Furthermore, we have given women the right to travel without the authorization of their husbands, to open a business without written approval of their husbands and a woman now has the right to have her own passport separate from her children's and/or husband's. All these rights offer women more independence to act and participate freely.

While there are still many things we must accomplish, we have already achieved important aims without being provocative. What helped a lot was the fact that worldwide the 1990s' was the decade of the woman, and this trend has influenced the Arab world in general and Lebanon in particular. Women here need to be more self-confident, know what their place should be in society and struggle to achieve it.

WSN: Is there a difference between Christian and Muslim women when it comes to their eagerness to participate in public life, in the civil society?

Nayla Moawad: Not really, because even in Islamic areas we have had women involved in public life, for example the sister of Musa al-Sadr and Bahia Hariri as well as others. We have women from both sides that are active in NGOs as well as in the Council of Women in Lebanon. The presidency of the Council of Women alternates being held by either a Muslim woman or a Christian woman.

WSN: You have a lot of experience being in the opposition. Please, comment on your activities.

Nayla Moawad: In 1994, I was in the opposition, and that is maybe the main difference between me and other members of the current opposition. As a member of the opposition, one is more outspoken and more direct. First of all, in the year 2000 we started an informal group of the opposition, which became formal in April 2001. We were asking for the implementation of the Taef Accord, meaning the withdrawal of Syrian troops and intelligence from Lebanon. We had our first formal meeting at a time when it was merely a dream to ask for the withdrawal because 9/11 had not occurred yet and the international community was, I can say, protecting Syrian involvement in Lebanon.

If, at first many gazed upon us as if we were weird, afterwards they understood that we have the support of the public. This was particularly the case in the summer of 2001when we achieved something that no one would have thought possible: The reconciliation of the Maronites and the Druze in the mountains, when Jumblatt and Patriarch Sfeir met. The response of the military intelligence regime was to beat young students who were at a sit-in, as if there was a totalitarian regime.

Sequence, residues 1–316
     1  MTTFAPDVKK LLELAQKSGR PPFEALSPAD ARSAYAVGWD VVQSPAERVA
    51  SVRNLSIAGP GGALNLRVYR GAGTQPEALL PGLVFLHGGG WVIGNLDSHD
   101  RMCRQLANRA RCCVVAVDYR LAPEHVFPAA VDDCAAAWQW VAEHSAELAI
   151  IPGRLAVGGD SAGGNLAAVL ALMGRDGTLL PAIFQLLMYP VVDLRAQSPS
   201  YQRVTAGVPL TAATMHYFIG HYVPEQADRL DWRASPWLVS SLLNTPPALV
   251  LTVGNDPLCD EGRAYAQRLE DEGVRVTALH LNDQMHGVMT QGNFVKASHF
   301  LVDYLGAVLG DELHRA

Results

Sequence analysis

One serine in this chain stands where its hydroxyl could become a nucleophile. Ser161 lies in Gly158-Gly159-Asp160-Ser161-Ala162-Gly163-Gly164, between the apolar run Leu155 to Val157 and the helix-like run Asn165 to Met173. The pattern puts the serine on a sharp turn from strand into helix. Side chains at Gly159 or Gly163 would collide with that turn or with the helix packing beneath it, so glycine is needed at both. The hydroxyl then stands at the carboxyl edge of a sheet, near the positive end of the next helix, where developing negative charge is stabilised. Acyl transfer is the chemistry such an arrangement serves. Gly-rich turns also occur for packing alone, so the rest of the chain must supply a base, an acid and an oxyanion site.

To get back to my own activity, I was the first member of parliament to oppose Syrian interference in Lebanon. In 1989, I organized a large commemoration for the assassination of my husband and I was the first one to attack the Syrians in an official way. At the commemoration service, a minister representing President Assad was in attendance, but I openly said that Syria's presence in Lebanon was getting stronger day by day and that certain persons were taking advantage of this presence in order to gain more money, to oppress their own fellow citizens, and so on and so forth.

In 2000, we drafted a charter of basic principles to reunite all Lebanese. We called for a clear stance against the Syrians, a clear stance regarding the Palestinians and we declared Hezbollah to be a resistance, not a terrorist group.

After one year, we became really popular in the country and I have become a target because of my political position. For 6 months in the North, in Tripoli and in all mosques all over Lebanon, pro-Syrian sheikhs (here related to the religious leaders) attacked me every Friday. This was very dangerous. I could have actually been killed and some would have seen this as being almost legal, because the Syrians dictated this. Then, they began with the personal attacks and finally their tactic was to let me know through various people that I should not go here or there. No matter what their intimidation tactics were, I did not compromise my principles.

In the end, I was fed up with this situation and I told one of the Lebanese officers working for the Syrians that I had had enough and I would continue to express my views. So, I have told him that when the budget is voted on in parliament and all of the mass media are present, I will talk openly about Syrian dominance in Lebanon. People have a right to know this.